I especially appreciated what you said about how if we can share our experiences and let one another know that we are not alone in our challenges of motherhood in all its forms, we will be doing such a kind and loving service to our fellow mother goddesses and girls and women in general. This reminded me of when you shared your birth story with me when I was writing a blog a couple of years ago about women speaking out about what’s gone wrong with birthing in the U.S. hospital setting. That particular blog was read by close to 20,000 people on HuffPost and was followed by over 100 women sharing their birth story at the end of the blog for the public to hear. I believe there was a lot of healing that took place as a result of this sharing.

      Thank you Sophie for using your voice to unlock the secrets that are typically behind closed doors of shame and guilt.

      Here’s to empowered motherhood!


  4. Amy July 20, 2012 at 5:40 am #

    Having breastfed twins who arrived at 36 1/2 weeks the first few weeks were anything but smooth for a number of reasons. Mouth size, mouth strength impacting ability to latch on and stay latched on fro a long enough period. Juggling two babies at 6 feedings each a day, issue of making sure they were both getting enough volume, sustaining my milk supply for two babies… I could probably go on. In reflection I think being open to and willing to consult a lactation specialist shortly after we arrived home who worked with me on a couple key strategies (temp use of nipple shield until girls were big and strong enough to latch on by themselves,) Use of finger feeding technique in the first 3 weeks, mastering the art of double feeding sessions – both babies at the same time, a doable pumping schedule, huge help from daddy with a breast milk bottle for one baby during the 3:00AM feeding. And being open to an occasional formula supplement bottle in a pinch. All of these things supported me in breastfeeding the girls for 10 months (until they started biting me)… ;) So awesome you are exploring this! Rock on regardless of outcome… ;)

    • Tabby Biddle
      Tabby Biddle July 20, 2012 at 5:58 pm #

      You are a hero Amy! Your story is amazing.

      I have thought many times over the last few weeks about moms with twins. I’ve been asking myself: How in the world do they do it?

      And here you are!

      I am so inspired by your story of breastfeeding your twin girls for 10 months, and using all the support systems that you mentioned above to make it happen. What a Mom!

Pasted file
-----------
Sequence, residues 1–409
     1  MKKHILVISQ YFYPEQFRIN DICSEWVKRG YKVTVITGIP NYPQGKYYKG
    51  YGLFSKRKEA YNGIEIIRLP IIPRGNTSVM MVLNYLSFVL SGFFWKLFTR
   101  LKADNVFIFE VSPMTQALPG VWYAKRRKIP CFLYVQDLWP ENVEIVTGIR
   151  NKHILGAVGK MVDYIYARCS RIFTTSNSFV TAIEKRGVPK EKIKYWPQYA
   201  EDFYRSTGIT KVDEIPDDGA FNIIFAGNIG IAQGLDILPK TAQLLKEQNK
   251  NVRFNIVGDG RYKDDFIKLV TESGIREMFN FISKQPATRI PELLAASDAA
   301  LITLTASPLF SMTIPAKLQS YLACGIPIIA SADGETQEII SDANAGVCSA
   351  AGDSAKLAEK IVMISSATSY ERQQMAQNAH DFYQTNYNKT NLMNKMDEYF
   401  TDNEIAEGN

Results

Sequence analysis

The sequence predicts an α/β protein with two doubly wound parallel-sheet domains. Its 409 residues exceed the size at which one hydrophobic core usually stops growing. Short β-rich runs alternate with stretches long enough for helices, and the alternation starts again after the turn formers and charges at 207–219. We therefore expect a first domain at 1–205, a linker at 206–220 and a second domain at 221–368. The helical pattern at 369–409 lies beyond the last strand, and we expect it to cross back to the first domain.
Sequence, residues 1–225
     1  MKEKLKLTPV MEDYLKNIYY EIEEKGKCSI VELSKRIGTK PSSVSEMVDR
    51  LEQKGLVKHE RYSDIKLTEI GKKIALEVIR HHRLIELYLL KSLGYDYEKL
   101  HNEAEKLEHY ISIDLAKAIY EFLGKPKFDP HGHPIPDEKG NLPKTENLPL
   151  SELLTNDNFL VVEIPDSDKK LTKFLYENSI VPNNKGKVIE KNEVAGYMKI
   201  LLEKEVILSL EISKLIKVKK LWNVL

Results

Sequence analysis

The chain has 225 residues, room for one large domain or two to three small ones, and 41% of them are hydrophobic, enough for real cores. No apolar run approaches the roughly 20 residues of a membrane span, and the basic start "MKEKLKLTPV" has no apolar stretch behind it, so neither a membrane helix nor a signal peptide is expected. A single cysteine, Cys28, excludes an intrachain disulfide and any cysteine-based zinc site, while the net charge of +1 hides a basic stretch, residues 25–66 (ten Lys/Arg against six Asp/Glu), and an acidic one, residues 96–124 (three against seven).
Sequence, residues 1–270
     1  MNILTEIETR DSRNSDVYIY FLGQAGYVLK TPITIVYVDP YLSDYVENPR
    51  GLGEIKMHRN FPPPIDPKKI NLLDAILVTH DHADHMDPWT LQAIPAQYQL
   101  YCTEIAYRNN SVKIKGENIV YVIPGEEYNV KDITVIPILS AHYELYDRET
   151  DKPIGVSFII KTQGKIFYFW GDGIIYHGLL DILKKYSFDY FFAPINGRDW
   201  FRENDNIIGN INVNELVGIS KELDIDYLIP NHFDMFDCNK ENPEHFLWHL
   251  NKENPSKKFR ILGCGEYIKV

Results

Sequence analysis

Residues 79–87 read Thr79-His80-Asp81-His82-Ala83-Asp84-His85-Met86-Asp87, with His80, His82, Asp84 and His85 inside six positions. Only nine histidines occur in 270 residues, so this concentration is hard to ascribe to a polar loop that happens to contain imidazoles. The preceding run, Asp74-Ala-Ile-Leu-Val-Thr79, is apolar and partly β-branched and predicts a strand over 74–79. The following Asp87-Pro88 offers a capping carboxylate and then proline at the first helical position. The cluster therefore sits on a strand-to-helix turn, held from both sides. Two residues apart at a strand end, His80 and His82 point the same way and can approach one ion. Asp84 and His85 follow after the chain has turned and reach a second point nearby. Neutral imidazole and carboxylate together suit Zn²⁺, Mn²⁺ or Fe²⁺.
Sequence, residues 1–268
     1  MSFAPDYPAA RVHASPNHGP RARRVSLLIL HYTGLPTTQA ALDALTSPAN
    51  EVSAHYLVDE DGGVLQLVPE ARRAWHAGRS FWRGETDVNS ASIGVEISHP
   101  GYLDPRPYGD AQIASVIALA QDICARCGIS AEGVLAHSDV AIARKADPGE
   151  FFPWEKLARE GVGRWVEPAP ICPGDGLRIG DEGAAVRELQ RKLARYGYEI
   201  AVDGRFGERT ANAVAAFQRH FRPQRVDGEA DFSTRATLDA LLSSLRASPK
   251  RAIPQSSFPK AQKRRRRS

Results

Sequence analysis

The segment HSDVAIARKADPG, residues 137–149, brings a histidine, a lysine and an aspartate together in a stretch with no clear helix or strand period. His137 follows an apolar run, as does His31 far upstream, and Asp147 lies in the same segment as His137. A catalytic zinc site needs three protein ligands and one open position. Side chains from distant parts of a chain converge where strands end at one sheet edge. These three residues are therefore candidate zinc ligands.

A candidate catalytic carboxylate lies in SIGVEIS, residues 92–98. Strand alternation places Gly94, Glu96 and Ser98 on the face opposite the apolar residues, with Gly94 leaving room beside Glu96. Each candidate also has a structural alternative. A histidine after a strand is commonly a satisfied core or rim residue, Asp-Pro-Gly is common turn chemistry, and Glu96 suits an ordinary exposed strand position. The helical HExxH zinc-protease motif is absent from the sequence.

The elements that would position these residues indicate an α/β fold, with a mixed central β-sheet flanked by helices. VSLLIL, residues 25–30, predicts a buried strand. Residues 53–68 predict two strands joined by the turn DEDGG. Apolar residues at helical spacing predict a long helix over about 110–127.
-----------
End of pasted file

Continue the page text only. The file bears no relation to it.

Thank you so much for sharing your voice and your story here Amy.

      Sending you, your husband and your girls much love,

  5. Amy July 20, 2012 at 5:48 am #

    As I reflect on all that you have shared above – I can relate to some many specific parts of the journey that is unfolding for you. And I am pleased to report that from my journey with this, I have two thriving Mini-Goddeses who will be turning 7 in September. Mini-Goddesses = Thriving is what I am so grateful for. ;)

    • Tabby Biddle
      Tabby Biddle July 20, 2012 at 6:00 pm #

      Lucky 7!

      Happy early birthday to your girls. May they always know that they are Goddesses and thrive in this knowing.

      What lucky girls to have you as a Mom!


  6. Alexis C. July 20, 2012 at 6:04 am #

    Thank you for such a great post, and for putting feeding your little guy above ideology. It was a massive struggle for me, with my oldest, to even consider exclusively pumping for him. (We learned years later that he has low muscle tone and some motor delays, which probably contributed to his nursing issues.) I cried all the time — as did he. When we finally started bottle-feeding him, he was SO much happier — and now, when I look back at his newborn photos, his little face looks so pinched and gaunt (even though his weight didn’t drop to a degree where it worried our ped). He was a fussy newborn, and in retrospect, I suspect he was mostly just hungry.

    Like an older, wiser friend told me once, “The first rule is, feed the baby.”

    • Tabby Biddle
      Tabby Biddle July 20, 2012 at 6:06 pm #

      Thank you so much for sharing this Alexis. I love what your friend told you: The first rule is, feed the baby.

      I appreciate you sharing about how you learned years later after your son’s birth that he has low muscle tone and some motor delays. That makes perfect sense that this would contribute to his nursing issues. It also makes perfect sense that he was a fussy newborn as he was probably mostly hungry.

      I was so happy to hear that when you finally started bottle-feeding him, he was SO much happier. What a good choice on your part. That’s a great Mom.

      Thank you for sharing your voice and your story here Alexis.

      Wishing you and your family much joy,